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SATURDAYTHE ROCK ISLAND ARGUS- MAY 13, 1922.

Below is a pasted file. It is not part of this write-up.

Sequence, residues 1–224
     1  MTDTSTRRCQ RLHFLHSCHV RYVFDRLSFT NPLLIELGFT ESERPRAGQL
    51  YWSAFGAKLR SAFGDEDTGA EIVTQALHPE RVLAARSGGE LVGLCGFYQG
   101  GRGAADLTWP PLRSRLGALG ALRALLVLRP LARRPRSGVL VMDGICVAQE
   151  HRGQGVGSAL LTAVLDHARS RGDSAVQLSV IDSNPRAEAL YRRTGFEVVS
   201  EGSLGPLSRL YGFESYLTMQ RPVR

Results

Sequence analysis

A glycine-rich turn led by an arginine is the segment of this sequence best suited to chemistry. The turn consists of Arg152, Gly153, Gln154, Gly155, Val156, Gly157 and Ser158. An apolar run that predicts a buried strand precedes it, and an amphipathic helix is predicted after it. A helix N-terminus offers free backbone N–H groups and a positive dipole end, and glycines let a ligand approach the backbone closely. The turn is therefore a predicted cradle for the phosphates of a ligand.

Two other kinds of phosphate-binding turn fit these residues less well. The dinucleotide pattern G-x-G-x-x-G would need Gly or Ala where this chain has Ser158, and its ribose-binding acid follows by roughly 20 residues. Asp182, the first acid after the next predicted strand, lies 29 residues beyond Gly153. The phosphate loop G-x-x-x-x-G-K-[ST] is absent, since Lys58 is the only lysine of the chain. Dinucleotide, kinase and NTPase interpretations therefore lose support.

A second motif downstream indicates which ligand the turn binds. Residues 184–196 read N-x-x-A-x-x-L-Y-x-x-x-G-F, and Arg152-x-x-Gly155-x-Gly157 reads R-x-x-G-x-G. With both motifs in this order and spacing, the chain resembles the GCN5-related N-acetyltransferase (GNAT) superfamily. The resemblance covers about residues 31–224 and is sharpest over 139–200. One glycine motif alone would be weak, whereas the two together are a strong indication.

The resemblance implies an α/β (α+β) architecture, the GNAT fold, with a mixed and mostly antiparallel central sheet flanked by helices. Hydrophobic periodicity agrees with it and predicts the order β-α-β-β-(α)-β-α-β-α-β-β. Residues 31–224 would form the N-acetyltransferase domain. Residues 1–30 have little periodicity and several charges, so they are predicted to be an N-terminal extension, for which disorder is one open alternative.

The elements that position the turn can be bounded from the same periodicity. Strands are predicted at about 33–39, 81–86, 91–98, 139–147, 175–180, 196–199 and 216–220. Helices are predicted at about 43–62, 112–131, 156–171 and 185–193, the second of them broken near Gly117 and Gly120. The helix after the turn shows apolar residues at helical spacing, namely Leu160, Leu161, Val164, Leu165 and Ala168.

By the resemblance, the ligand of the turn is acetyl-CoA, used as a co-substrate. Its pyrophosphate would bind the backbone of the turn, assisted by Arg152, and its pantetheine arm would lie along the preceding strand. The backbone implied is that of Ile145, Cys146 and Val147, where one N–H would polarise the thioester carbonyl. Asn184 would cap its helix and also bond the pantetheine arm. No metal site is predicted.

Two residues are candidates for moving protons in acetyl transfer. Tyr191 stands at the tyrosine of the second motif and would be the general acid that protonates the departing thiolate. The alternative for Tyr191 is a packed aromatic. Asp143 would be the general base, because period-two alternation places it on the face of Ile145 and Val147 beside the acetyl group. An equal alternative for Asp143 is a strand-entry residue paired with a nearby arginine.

15 511 ;.-.r -'..:- .3LJ figs COST INTEREST S CENTERED IN STEEL GROUPS BI STUART P. WEST. . vk Mav 1 1t Th lA.ifii . f Alive rorket again let its imagin es" . ... n iM nr mfUfP noRnt- itim fun . Millies. The fact that the street i general was completely taken M surprise when the Bethlebem ckawanna steel merger was an nounced, made it all the more cred JlouB regarding other combinations sot hitherto discussed, but now put forward with some seriousness. - , tveitner umiuu - oieei uui jHAthlehem Steel stock attracted , tha attention they received on pre- rioai days. Rather the buying wnng into other members of the teel group Republic, Midvale, Cniied Alloy, Vanadium. Crucible nd Replogle. All these and many others entered into the merger ru mors of the da-'. It was two-thirds a steel share . ih nnlr nna-thirri fntAf- r mm net ....... j - .., in nfhor dines. Toward the g s diversion was created Dy f 'isrp upbidaing or Keaaing. wnicn I kid in mind a possible decision of the gupreme coun in me coai tanas cge on Monday. This led to sym pathetic buying in some of the oth r rails. Maxwell Motors in the immobile iinental Oil in the oil group stood .... ...nnii.W Tint at Tin It mo t OUh tuuafiwuv... . - - - did these advances take away from the preeminence of the steels as ipeculative leaders. . . Foreign exchange rates were generally firmer despite the news from Genoa. The band market was generally stronger and somewhat more active. CITY ANALYIST TO MAKE VISIT w. J. Fitzgerald, Ch.'cngro, Sched uled for Addresses; Mass Meeting Announced. Under the auspices of the Rock Island Chamber of Commerce, W. i KSfTireralH fhimffn. who is her- Ajded as a civic engineer, will an A&lyie the needs of Rock Island, at several gatherings scheduled next week. He appears before the Kiwans club Monday, and the Exchange club, Tuesday, at the noon meet-. gs of these organisations Wednesday he will speak at the Spencer Square theatre, both ernoon and evening, and will ad - Iess a public mass meeting to be V'Jld in the Rock Island club Thurs- I day evening. ! "Civic Patriotism." and it is said he will suggest remedies for muni- cipal ills. PROGRESSIVE ART CLUB TO SPONSOR PROGRAM SUNDAY The Progressive art club is spon oring a Mothers' Day program at he Girl Reserve center for the i. '.. pothers and friends of the Fairfax! Reserve group at 4 o'clock to-j porrow afternoon, following is khe program to be given : Sng, "Mother s Prayer' ciud. Prayer Mrs. Marie Golden. Piano solo Colbert Davis. Paper, "History of Mothers' Day" -Mrs. A. Harding. Vocal solo Mrs. Edith Stewart. Paper, "Duty and Responsibility fcf Mothers" Mrs. Katie Green. Vical solo Mrs. Clara Shepherd Paper. The Child's Duty and Re-; Itponsibility" Mrs. Henry Hous- m. Solo Mrs. Ed. Houston. Paper. "Relation of Mother and hild" Mrs. C. S. Davis. Remarks Mrs. Edith Stewart, 1 Licensed to Wed - 'ritz A. Boquist - Ulna Marie Nelson . amiel Vincent , ' Hancille J. Manville - - red La Pehr. - yrtle Maie Grafton Dav.enport Davenport 'CHANGE of life 'OMAN'S TRIAL froofTriatLTdia E. Pinkliam,i ii 1 33 TnegetaMe Compound is oPGreat Of Help at This Period 1 Metronolifl. THino?s. - "I hava pkenLydia E. Pinkham'a VegeUble Compound ana it is all it claims to be and has bene fited me wonder fully. I had been sick for eight months with a trouble which confined me to my bed and was only able to be up part of the time.when I was advised by - x -; a M.a 1 III ir.;-aata. to try Lydia E. Pinkham'a Lyeethl rnmnnnnit and Liver "i"S. I was so much benefited by the J " iP ese medicines that I was able I be up and about in two weeks. I at'--' r at the Change of Life when I be 1 nn atakingthe medicines and I passed t?' !r that time withou' any trouble. vro.. owl am hale and hearty, do all my ;;o i -sasework, washina:, ironing, scrub 3" ffZ. and crkii!g, all there i to do "' 4 VU a nousc- nd can walk two or V "wles without getting too tired. "'I ci several of my neighbors w bave been helped by your medi- . Mrs. Emma CmrvEB, 705 " "J'-a St., Metropolis. Illinois. -;.H1 Hlav depend unon Lydia E. film's Vegetable Compound. Street Features BT STUART P. WtM (Corprttkt. IDli.l COPPER MERCER JfEXT. PeoMe ltl a DOSlUnh tn h well t informed on copper affairs express- j u opinion mat a merger of cer tain copper companies is in the wind, and that more will be heard of it after the steal mergers are oat of the way. The names most fre quently mentioned are Utah, Ne vada, Kennecott, Braden Copper. CORNOUGHTNOT HAVE DEEP SOIL Advice on Planting Is Given by University of HUnlg Expert; Depth One to Two Inches. Do not plant corn too deep, is the adrice of the College of agri culture of the University of Illi nois. "Experiments on depth of plant ing conducted by the Illinois, In diana and Ohio experiment stations show that the greatest yields were obtained by planting the corn one to two inches deep," says a state ment issued today. "In light, open eoils or in dry soil the corn may i be planted teeper. In heavy or h -.,-,, n,h.. i., lets may not be able to force their i . " v1-" way up to the surface. In any soil, the corn need be planted only deep enough to insure rapid, vigorous germination. Any greater depth of planting requires the consumption of an unnecessarily large amount of plant food stored in the kernel before the plantlet reaches the sur face. "When a grain of corn germi nates, a root starts out downward from the tip of the kernel. Short ly afterwards the stem pushes out above. About the same time one or more additional temporary roots develop from the germ. These roots are of importance in supply ing nourishment for the plant only a short time. When the plant is a few days old a cluster of perma nent roots begin to form. These grow out from the joints of the stalk about one inch below the sur face of the soil. "It seems to make little differ ence whether the corn is planted one inch or five or six inches deep, these permanent roots come out at about the same depth below the surface. These roots rapidly ex tend outward and downward. The most extensive development of the rnnt K-,.m in thA ., ...-p. w,thin tne flrgt few inhes of the , ,,, s. ,.. n.t 1 available plant food is to be found ,0. tV, , . that portiori or the environment whjeh wi yied them the eag,est livine. Later the roots extend much deeper until at maturity thev may under favorable conditions fill the soil to a depth of three or four feet or even deeper. "It seems, therefore, that thei plant regulates the depth of its root system regardless of the! depth of planting." WEEDS SHOULD TF EMI I PR Ijnill nrtillirillllllf Illinois Seed Analyst Says Pests Are Easy to Destroy at Present. Weeds are in one of their weak est stages of growth at this time of the year and therefore most easily destroyed, Albert C. Wilson chief seed analyst of Illinois, said today in a statement in which he urged Illinois residents to aid in riding the state of weeds. "The weather conditions this spring have been only fairjy favor able to vegetation growth, conse quently, while weed seeds have germinated they have not made a verv raDld growth." he said. "The cultivation of land for spring grains n.v iinrt'nas terminated the growth of any rt l na !fiat were started and the plowing hock isiana Yor cQrn vin pet rjd of many more Rock Island j which have started and with the ; . Rock Island , frenuent cultivations of the corn to conserve the moisture the weeds will be kept under control until the corn is laid by. "If anv noxious weeds such as Canada thistle, quack grass, horse nettle, field bindweed or any oth ers prevalent in d'fferent localities are found in the corn after the last cultivation, they should be kept from growing by the use of a hand hoe every week or 10 days. "A rainy season prevents the pardener from getting into his gar den, therefore, weeds get the start of him. As soon as possible all weeds should be pulled or hoed out. thus giving all vegetables a chance to nroduce an abundant crop. "By neglecting to destroy weeds they cause heavy losses to crops because they injure the quantity and quality of the crops in which thev grow and also increase the la bor required to take care of the crops. "It is estimated that weeds re duce the yield of corn by 10 per cent: tame hay. 3 to 1 per cent; potatoes. 6 to 10 per cent; spring grain. 12 to 15 per cent: winter grain. 5 to 9 per cent: fruit and vegetables.-0 to 6 per cent, and pastures, 5 to BO per cent. Who can afford to suffer these losses? "Land values are very largely controlled bv the prevalence of weeis as evidenced by farms aban doned because of nuack grass and Canada thistles. To overcome this condition communitv effort in weed eradication is the only possible mean bv which results can be ac enmnlitibed. It is practically use- f for one land owner to spend laenr ft" itionev to control weeds tipca ir "eight""" do the same. .If community soirlt and pride i aroused, the weed problem will 6oon end." Th" of chewing eniti which n-ns VH' nse.l in Knglanri Wo-i r rnw iynout t t1."00 000 I annually in ths.t countrv New York Stocks American Beet Sugar ....... 39 American Can t1 American Car & Foundry 1601 American Locomotive 114 American Smelting & Refin... 58 American Sumatra Tobacco. . 32 V American T. & T. 121 Anaconda copper 62 ft Atchtson 7S . 46 . S7 Baldwin Locomotive ... Baltimore A Ohio Bethlehem Bteel "B" .. Central Leather Chesapeake & Ohio ... Chicago, Mil. & St. Paul 26 Com Products 101V4 Crucible Steel 75 General Motors 12 Great Northern Ore Cftfs. ... 41 Goodrich Co 40 Int. Mer. Marine prfd. 82 Vi International Paper 50 U KennecoU Copper Z Mexican Petroleum 130 New York Central , 8V4 Norfolk ic Western 105 Northern Pacific 76 Pure Oil Co 33 Pennsylvania -41 Reading 79 V4 Republic Iron L Steel ....... 73 Sinclair Consol. Oil .32 Southern Pacific 90 Southern Railway 24 Stndebaker Corporation 117 Texas Co 47 Tobacco Products ., 68 Union Pacific -137 United States Rubber 63 United States Steel 99 Utah Copper 65 Westinghouse Electric 62 Willys Overland 7 C. R. I. & P - 3 Illinois Central 103 People's Gas 86 Standard Oil of N. J 186 C. & N. W 74 Chicago Stocks Armour & Co. pd. 96 Armour Leather. 12 Cudahy 65 Com'w'th Edison. 131 Consumers Co. . . 6 Doamond Match. 114 Earl Motors 3 G. Lakes Dderge. 92 Hupp Motor 19 Inland Steel 58 Libby-McNeil ... 3 Lindsay Light .. 4 Mid W. prior lien 99 Middle W. Util... 51 Middle W. Util. pd 77 Mitchell Motors . 6 M'ntg'mry-Wd, pfd 21 Nat. Leather, new 9 Piggly Wiggly 'A- 46 Public Service . . 99 Pub. Service, pfd. 93 Stewart-Warner . 40 Swift & Co 102 Swift Int 20 Sfnd'd Gas, com. 17 Sfnd'd Gas, pfd. 46 130 121 3 90 19 57 2 98 49 75 21 9 44 98 3 90 19 58 2 90 20 Thompson (J. R.) 48 .. .. I U. C'rb'de & C'rb'n 59 58 58' U. L'g't & Ry. com 69 68 69 United Iron Wks. 7 .. Wahl 64 63 63 Western Knitting 7 Wrigley 102 102 102 Yellow Taxi 72 71 72 Liberty Bonds High. Low. Close. Lib. 3s , 9926 99.24 99.26 Lib. 3s, R .. 99.10 I Lib. 2d 4s 99.50 Lib. 1st 4s .. 99.88 99.76 99.76 ;Lib. 1st 4s, R 99.52 Lib. l-2d 4s .100.06 Lib. 2nd 4s .. 99.60 99.52 99.52 Lib. 2d 4s, R 99.42 Lib. 3d 4s .. 99.88 99.80 99.84 Lib. 3d 4s, R 99.74 99.70 99.74 Lib. 4th 4s .. 99.94 99.90 99.40 Lib. 4th 4s, R 99.74 Vic. 4s 100.60 100.56 100.56 Vic, 4s, R ..100.44 100.38 100.38 . . - ROULETTE WHEEL IS MANUFACTURED OF GRAPHOPHONE DISC Wo Wool Fin Ma The they've stopped making roulette wheels, or steady and sateens and twills com perhaps Manual Gonzales, operator manded attention from buyers ot of a coffee shop here, didn't have a small lots. The raw silk market catalog showing where one might I was slow but prices continued be obtained. Anyway, such incon-1 strong and there was a firm under- veniencas didn t Dotner Manuel when he decided to install one in the rear of his place recently. Of ficers raided the shop, seized tne layout and upon examination dis covered the wheel was home made, manufactured from a disc graph- ophone record. The record had been pained, bad numbers irom i to rfu, and officials who scraped some of the paint away, discovered it was originally a vocal rendition of "There's No Place Line Home." Gonzales failed' to tell the court whether the title of the hidden song was a warning to those who buck ed the wheel or whether he re garded it as a lucky omen for the "house." The last census showed that there were 4,560 Indians living in Ore gon at that time. "CAP" STUBBS, You Bet He Knows! . BY EDWINA. " """"""m W&M W 'MZMT-r 1 If , i M-rV i Fiiii;nttfe fa never) I' ,rCHj--Tl f teSj -&!J'' J? 1. 11 P" '1 i 11 el j Bond Market v.. York. Mav 13. The strength which came Into the domestic quar ter of the bond market on Iiai?T with the announcement of the Betn lehem Bteel-Lackawanna Steel merger, was well sustained today. Virginia Carolina Chemical securi ties were still in demand. The first S' crossed par and the IVi got p over a point to above loo. both at their highest of the year so ftr. , American Cotton Oil 5 s also reached a new top. Rubber 5 s i ana r..t rn Sutfrr R' WPf UD fraC- tionally. Railway mortgages and active' low priced issues nepi .,,,? thir nrice of the preced ing day. New Orleans Terminal 4 s ! jumped two points. Greater New! York Tractions remained unchang- ed except the Inter borough MroJ politan 4 ceruuevcea, dropped below 15. Liberty bonds marked time, while foreign government issues gener ally hardened. United Kingdoms 5's of 1932 and 1937, both rose slightly to a new high, and there was a stronger market for the French issues. Seine 7's, which had a rather sharp upturn at the close Friday, encoumerea "", profit taking the opening """liable. The early purchase of Sep- but later rallied and around were above their low figure. Mex- ican 4's and 5's each wena a point higher. The trend or tne wew ior et for Canadian i-rovinciai ouuu little changed. It appeared over bougnt, ana anu thmiph nrices held up well, there ; was no encouraging nuj .s "" like were quoted at 100 bid offered at inn.!? th 6's of 1930 were 101V bid. ottered at 101; me o s ui 1946 were 105 bid, offered at 107. Ontario 6's of 1923 were 100 bid. offered at 100. The B's of 1937 were 101 bid, offered at 102, and the 6's of 1943 were 108 bid, offered at 108. Curb Market BT STUART P. WEST (Coprrixfct, 1B22. pv York. Mav 13. There was a .hit of irreeularity on the curb ex- 99 change today. Commission houses I were taking profits after the open 77 ling transactions and the profes- isional operators also sold out part 21 of the lines accumulated in the 9 late dealings on Thursday and dur 46!ing the strong periods on Friday. Th fir.rr thnneht that in view of 'tne aovnce 01 lne UU-T, ' Z,' .ISnd the fact that a conwderable, Part r tne Bnort lnleref? uau " eliminated, a technical reaction might be expected. Tobacco Products exports wts jone of the strong features, ad vatic- ing to a new nign ior me ""-.f,, kajser ment. Philip Morns showed an; Thff German explained that he easier tendency, during the great- j lhouKDt tne Legion was an organi er part of the session. The new- 2ation ot all soidiers, no matter comers, Cuban Dominican Sugar iwhere thev ought. ana unuicia . 1 1 1 v.... . .j , . .. i profit taking. The motors stocks were irregular and dealings were I nn a small scale. Fensland and' . i v. ; ., i untAie onrni nieren Mutual were the features of the oil shares, both reaching new high rec ords under rather urgent buying. Standard Oil of Indiana started : slightly higher, and then reacted, and Mexican Seaboard moved in aj similar manner. Independent Lead i was an outstanding feature in the ; mininr list. advancing several (points to a new high record for all Dry Goods Market BT STUART P. WEST (Oopyrilht. 1J!S. New York, May 13. Trading wai quiet in the dry goods market today but prices in general for cotton goods were firmly maintained, al though there was some shading at seconnd hands reported. The nar rower print cloths were in fair i demand. Sheetings were very tone in eviuence. WOOL, Boston, May 13. The wool mark- : et here wound up an active week : with prices in general showing ad- , vances of about 5 cents a pound, scoured basis from levels quoted last week. Large shipments or, Australian and East Indian wools are now on the way here and the! arrival of these is expected to j stimulate trading. Buying is very; active in Montana and Oregon ; with prices ranging aa high as 40 i cents in the grease, uoout aouDie those paid last year. SENATE CONFIRMS COOPER. Washington, May 13. The senate confirmed the nomination of Gov ernor Cooper of South Carolina, to be a member of the federal farm board. ARMOUR SALES PUT TOBOGGAN UNDER WHEAT (By Consol'.dated Press.) Chicago, May 13 Trade In wheat was featureless until the last 30 minutes of the session. Previous to that time a firm tone was noted with buying, mostly local. A fea- ture at the opening was the buying of 500.000 bushels of September by I an export house. Leading longs put a little May wheat into the pit tne bulge abont n:3o a. m. and this wag XoUowed up by Dy Armour and this surted many of the local longs to unload. Late features reacted with them. Ar mour bouses were credited with selling these futures. There were 300,000 busels of wheat bought to come to this market and 125,000 bushels of this was Nebraska hard winter, sold by Minneapolis mills to be shipped via Duluth. The do mestic milling demand was quiet. Weather and crop news was favor- , ternber wheat was said to sent that n,,,,. of repre wheat new sold -for export but seaboard ad- vised that bids were below the l market. Receipts continue heavy. i Market closed c to c off. May ,i 1.431.43; July 1.25 to 1.25: Spntemher. 1.1RH!1 19 There was liquidation in May corn throughout the session and Country nouses 8old a mtle July. v i, ,.j : .tl. The late futures eased off with wheat. Corn planting is nearing completion under ideal weather conditions. The demand for cash corn is poor both for domestic and export account. Market closed j to c lower; May, 60; July, 64 64; Sept., 66c. Oats were dull. Cash houses sold July but there was some buy ing of May by shippers. Cash de mand was good and exporters took some round lots. Market closed to c lower; .May, 37; July 39; Sept., 49. There was very litle rade in pro visions. Locals sold and here was some buying by cash interests. Pork closed 47 up, lard 5c to 7c hlger, and ribs unchanged. HERO IDENTIFIED. Mexico City. A man who spoke English with an accent recently T . , ,.j j nan 1 ofinn hflrp nnH fitntoH ni Ho. sire to join. Cornrnander Louis O. Loeb asked for his army discharge papers but. I when he brought them, the next 'day, they identified him as one of the bravest soldiers who ever re- iceive(j an Iron cross from a grate nri Va fm4 fifth anniversary of Edison's in- vention of the nhonograph. Seeking Refuge in Peking Thousands of Chinese are flee routed the army of Chang Tso-lin. j CHICAGO FUTURES . j i By the Associated Press. I Jj Wheat May 1.44 July ..1.36 September Corn May July September Oats May . July September Pork May . Lard July , September Ribs July . , September Grai in Chicago Cash Gram. Chicago, May 13. WHEAT. Sample grade red, 1.06. No. 2 hard, 1.451.45. No. 2 hard dark, 1.50. No. 2 yellow hard. 1.45. No. 3 yellow hard, 1.40. CORN. No. 2 mixed, 62. No. 3 mixed, 60. No. 2 yellow, 62. No. 2 white, 62H No. 3 white, 62. No. 5 white, 59. No. 6 white, 58. Sample grade, 56. No. 4 yellow, 61. No. 6 yellow, 58. OATS. No. 1 white, 44. No. 2 white, 3943. NO. 3 white, 3840. No. 4 white, 3839. OTHER GRAINS. Rye: No. 2, 1.09. Barley: 64 68c. Timothy seed: 4.50&6.00. Clover seed: 12.0022.00. Pork: nominal. Lard: 11.30. Ribs: 12.5013.50. MEDALS AWARDED U. S. SAILOR FOR SAVING COMRADE London Frank Dolan, a quarter master on the United States steamer Centennial State, has just received 'cuing a comrade from drowning in " vi ' ' " the Thames last October. His act was described as one of the bravest deeds ever done in the London docks. He received the silver medal of the Royal Humane society and an award from the Carnegie trust Dolan was servinsr on the Mon- uuidu was serving uu tue juuu tana at the time of the rescue and dived into the water to save a man who harl fallen between that shin wno naa laiien oeiween turn "'P and the pier at a time when a strong swell was running and Do- lan ran a risk of being crushed between the ship and the wharf. I The servicea of Scotland Yard I and the New York police depart- ment were engaged in order tn findj' Dolan and make the awards. When 1 ' V a hnnrrl K o t Vi o Vanr Vnrlr nnlifo I were" looking for him Dolan ap- peared in a police station in that city much perturbed and declaring 'that he had "committed no crime." ing to Peking Eince Wu Pei-fu has Here are some of the early arrivals. Open. High. Low. Close. 1.45 1.4i5- 1.43 1.43 1.2 1.27 1.24 1.25 1.20 i 20 1.1S 1.18 .61 .61 .60 .60 .64 .64 .64 .64 .66 .67 .66 .66 .37 i .87 .37 .37 .39 .40 .39 .39 .41V 41 .40 .40 . ... 22.70 li.so ii.52 iiio ilso 11.70 11 77 11.70 11.72 11.90 11.90 1.19 .61 H .64 .66 .37 .39 .411, 22 22 11.45 11 67 11.90 11.S5 Live Stock Chicago livestock. Chicago. May 13. Cattle receipts. bTef sheers ami ah.-.t:7.rVeTy ntMriv: h,.iu as- tn tftr veal calves, 75c td 1.00 higher: Blockers and feeders, 10c to 25c I lower; week s top beef steers. 9 .25; i bulk of prices of beef steers. 7.75 , Tft. , 1-tz.ir,. 7.75 butchers, 5.857.25; canners i cutters. 3.85t! 4.7o; bologna i and bulls. 4.9o5.io. Hog receipts, 4.500 market clos-; ing active, light about steady with j Friday's average: top, 10.85; bulk, 10.30 10.75: hold-over, light, piga, 1 weak to lower; packing sows about steady. Sheep receipts, 2.000; today's re- ceipts direct to packers; compared 1 J " V ! about 1.00 lower; week's bulk prices, spring lambs. 14.0015.50; shorn lambs, 12.5013.75; ewes, 5.507.50; wethers, 8.50 9.00 : ! .'nnvlinwa 11 AO tH 1 1 T. - f.. 1.,1 ' fed lambs up to la.oO; shorn feed1 1 ing lambs, mostly 10.0010.50. I auos. Bulk of sales si 0.25 S 10.75 Heavr butchers 10 o tt 10.00 ; Butchers. 100 230 lb. Heavy and mixed packiug Koush heavy packins . Medium weights 1 (ii 10. u5 Lisht bacon. ltiOBlOO lO.HStr 10.8O Selected. 140jl.j. lbs 10.o0tel07o Lisht mixed, 14irtf ll!0 lbs. lU 4iM 10.70 Piss. lbs Stass. subject to dockage . . CA'l-i t b. Prime eteers. l.sooe 1.500 Good to choice. 1 . lt0 1 .500 S.tPOtl 10.50 7.73 4 S.7o fi am1 Ixiw srade ki I in steers Bulk f beet stwrs aa h.70. Yearlings. 700 ( 1 . 1 50 lbs. . . Hooss a.l.i 5.001' 9.oo 4oo i5 ts.Mvx s!oo ti.oo to, lo.oo at cows and heifers .... Canning cons and heUers. Poor to choice bulls Stockers and feeders Poor to fancy calves Western lambs 10.75Sil4.00'"'1-"60 ' Natire lumha . . . . II im.i 1 :t 7r . o.bU. I Lambs, poor to best culls.. 7.o0taio.7d! i- , ' t If1- . .-- 'to . I-cetlin? lambs, fair to best. 10.7.(,j l'J.OO I Veaninpj. ail trades io .-.oo, 11.50 j vj'ethe. poor to best ti.oo 14 0 00 ' Cr.nna. I , .. 1. - W..,rt,..lt If c ' " 10 uls' 0 1 stock and feed ee .... :too h po icks 3 00'i 5.O0 ni,: CniCagO Potatoes Chicago, May 13. Potatoes, dull; receipts, 57 cars; total United States shipments, 687 cars; Wis- consin, sacked and bulk, round w?.snl; ILn"e?i,a'. sacked- round wh 1.2 l-40 per hundred - j w'gnt ' r honored weient 1 1' Per. ""aren.we'?.nc New stock: steady on barrels. weak on sacks; Florida Spaulding rose double-headed barrels. No. 1, 6.006.25; No. 2. 4.004.25; Ala bama, sacked Bliss triumphs. No. 1, 3.00 3.25; No. 2. 1.75. WEEKLY GRAIN AND PROVISION REVIEW Chicago, May 13 Emergency rules permitting swift deliveries to fill May contracts for wheat have gone into effect here this week, but immense quantities tendered met with ready acceptance. Sweeping ! changes in prices resulted notably i inglon vesterday ami the predi on one occasion a jump of 7 cents ! AenVs appearance at the dinner giv a bushel. Compared with a week ; w tho w'nmonv Hennhlican ! ago, wheat this morning was 1 Vs to 5c higher; corn down a shade t c, oats unchanged to ,ic lower, ana provisions rouging uo.u i;was promised them and it was ex I decline to 97c advance. I pecte(i they would find complete rt- I All else in the wheat market was j ,axation from their routine of of- subordinate to developments cou - cerning tne .May delivery. wua, 130,000,000 bushels of grain in store i here, a record amount, and with a ; J sharp difference of opinion exist- j 1 ing as to the propor value of what- j ! ever wheat might be available for j i settlement of the current month's j I outstanding contracts here, board : of trade directors decided to allow ! jjent at the women's club dinner, deliveries to be made from wheat' Mr. Harding said the administra standing in cars on railroad tracks, (ton had worked to bring about a ' although the usual method for de livery is only from ' Ahmit a million and warehousss. a quarter ! bushels from the cars was tendered instanter by traders who otherwise : all it hoped to do. but it has done would perhaps have been in a.a lot. and will accomplish much dilemma to fulfill their obligation, j more." Opponents, however, were found I to be prepared, and instead of prices! BANKS SHOW ICREASE. breaking the market went skyward, i New York. May 13. The actual Excellent progress of field work condition of the clearing house tended to ease down quotations of (banks and trust companies for the corn and oats. i week shows that they hold $35,- Commission house selling weak-1 005.480 in excess, of legal require ened the lard market. Pork and ments. This is an increase of $6 ribs were higher with hogs. 1169,460 from last week. ALL LIVESTOCK TRADE IS SLOW; HOGS UP A DIME (By Consolidated Press.) U. S. Yards. Chicago, May 13. Livestock trade did not amount to much today. No good cattle ar rived. While the live mutton trail was tn bad shape during the week, yet sellers look for some improve ment next week. It is not expect ed that big killers will have as much direct stuff as they did during the present period. Receipts wero estimated at 500 cattle; 4,500 hogs; 2,000 sheep and "00 calves. CATTLE. Of the fresh run big killers had about 200 direct, and there was Jit- Ieft for !he VnTd were picked up at unchanged price levels. Cattle prices started w ; i i 1 1 , I - "- again later, steers and cows clos- in ab,out here the? w,ere, w,e ago with some easy spots for plain ' " "r u" bulls dropped 2oc. Calves, how- r,e'- , -,t ,V ,Jr.v ' HOGS. Hog trade was strong from the opening, lights and light butchers goinf at J10.S0. Some 2203(0 pounds hogs sold at $10.50 10 75 . , - t . . . , "m f yesterday. A week ago top hogs sold at $10.75 while the top of the market for the present week was $11. Rough packing hogs sold at $9.2509.50. Medium and heay " viii. i p " ' J . , ' hrrU ,r The market was hardly more than a nominal one today. Some small lota sold steady compared xp JggJS ??! with the day before, but the geu n.ootjp s!s!a;eral market for both lambs and aged stock closed 75 cents to $1 below the levels noted a week ago. Kansas City Livestock. J.aiiajs vity, -iu., .hut i-. vat- miu " tie: receipts 325; for week com 7.ooB .;." parison: beef steers and yearlings. 6.7.,(l! 7.00, lrt , ,., invur- Khe-stixU r ,J ' " ' I . steady to strong; canners ana siuck calves steady; bulls strong to 25 cents higher; .calves steady to 50 cents higher; stockers and feeders, 'stock cows and heifors weak; top Hoes: receipts 1.500; active to packers and snippers Deuer Kinus . - . m .... i,ii- strong, others u to 10 cents, bulk. good, and choice ISO to 300 pound- . ' . 7 . ... , ... 1 ' ers lU.bOffJ 10. b lop 10.00; mixeu . . ... .7. . ,a JOaQS 101O'O10--. ""'I !ST 10.65; packing sows 9.2j; stock ipigs up to 10.60. r sheep: receipts 1,000; today's re- 'ceipts mostlv to packers. Corn- pared for past week: sheep 1.00 to 1.25 lower; lambs 75 cents to 1.00 off: wooled Colorado's 15.-5; J choice natives at week's jie.10. opening HARDIN GS TAKE WEEK END REST AT JERSEY CLUB Senator Edge Is Host to Presidential Party. Absecon, N. J., May 13 Pr Ji'"nt and Mrs. Harding today were en joying a week-end rest at the Sea ii.i. rrrxlt flllll TlfSur llftrP ftftPT j ,,v,iio irin frnm Wash- , , , -f N jersey, and the Bank- ers- convention at Atlantic City, j ,agl njght. Almost perfect weather ; fi(.jal anrt BO(.ja duties. secretary and Mrs. Weekn unti Atto-nev General Daugherty have arrjved and complete the official partv, to which Senator Edge is nost" Address? Women's Clubs. Republican leaders here were in- t guested in the address by the pres- bctt?r understanding in the world ; and a new security to America. l "In that work, ne contmuea, tbe Republican party has not done mr it it